Friday, 12 July 2013

The Nice People Who Solved Our Space Shuttle Problem

I am reliably informed by a member of our friendly catering team (which means that I haven’t checked any of the facts that follow, but I’m going to repeat them anyway) that the rocket boosters on the American space shuttle were built to a size based roughly on the width of two horses’ backsides.

You see the boosters had to travel to the launch-pad by train, passing through a tunnel along the way. The gauge of the US railway line, 4ft 8½ inches, dictated the width of the tunnel - and the American rail tracks were based on our own British ones. So how was the gauge of our tracks determined? Well they were based on the width of the tram tracks which came earlier. The tram tracks were set at roughly the same distance apart as the ruts created by horse-drawn vehicles, to avoid putting unnecessary pressure on the wheels. How far apart were those ruts in the road? …About the width of two horses trotting side by side.

Now I don’t want to sound too dramatic, but NASA aren’t the only organisation to have faced an issue that originates from the days of horse-drawn vehicles.  Here in the medieval village of Cartmel, people often wonder how we manage to get 20,000 racegoers through the narrow roads and rural lanes that surround the racecourse.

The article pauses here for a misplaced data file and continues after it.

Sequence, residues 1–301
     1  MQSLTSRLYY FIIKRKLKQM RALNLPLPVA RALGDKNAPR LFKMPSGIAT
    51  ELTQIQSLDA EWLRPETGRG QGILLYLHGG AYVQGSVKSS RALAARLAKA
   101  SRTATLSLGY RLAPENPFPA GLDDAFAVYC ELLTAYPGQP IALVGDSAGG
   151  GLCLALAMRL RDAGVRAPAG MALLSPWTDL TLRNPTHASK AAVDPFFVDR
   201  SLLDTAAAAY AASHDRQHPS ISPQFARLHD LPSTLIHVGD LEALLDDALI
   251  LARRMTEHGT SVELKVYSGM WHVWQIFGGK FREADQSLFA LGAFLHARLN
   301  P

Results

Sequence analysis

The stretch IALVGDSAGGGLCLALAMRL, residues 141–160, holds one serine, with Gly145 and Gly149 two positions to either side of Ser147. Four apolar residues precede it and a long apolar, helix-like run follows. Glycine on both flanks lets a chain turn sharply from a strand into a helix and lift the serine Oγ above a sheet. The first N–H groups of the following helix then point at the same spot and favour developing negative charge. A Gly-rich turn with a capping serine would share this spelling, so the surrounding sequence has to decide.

If I had a pound for every person who suggested that we should build a new road around the village, I might just be able to pay for one; not that anyone who has received my tips on a regular basis is likely to give me a pound for anything. (This Saturday, by the way, I’m going for Jonny Delta in the 4.40 at York).

So we went to “plan b” – and brought in the professionals. SEP Events Ltd have been helping the public to gain access to many of Britain’s busiest events since 1989 including: the Aintree Grand National, the Goodwood Festival of Speed, music festivals and this week’s Great Yorkshire Show. In addition to helping us devise a traffic management system which is sanctioned by the County Council, SEP Events design the appropriate road signage, set out thousands of road cones and provide staff for all the key positions including most of our car parks. They are the NASA of the car-parking universe. 
SEP’s traffic management system involves the creation of dedicated one-way routes into the racecourse, which are reversed half way through the day to facilitate the get-away. In the meantime, we try to keep surrounding lanes available for local residents to negotiate their way around the village to continue with their normal business. So if you’re approaching the racecourse next week and think you know a short-cut, please help us to avoid gridlock by sticking to the signed routes and don’t rely on your sat-nav, especially if you’re driving a space shuttle or a horse drawn cart.


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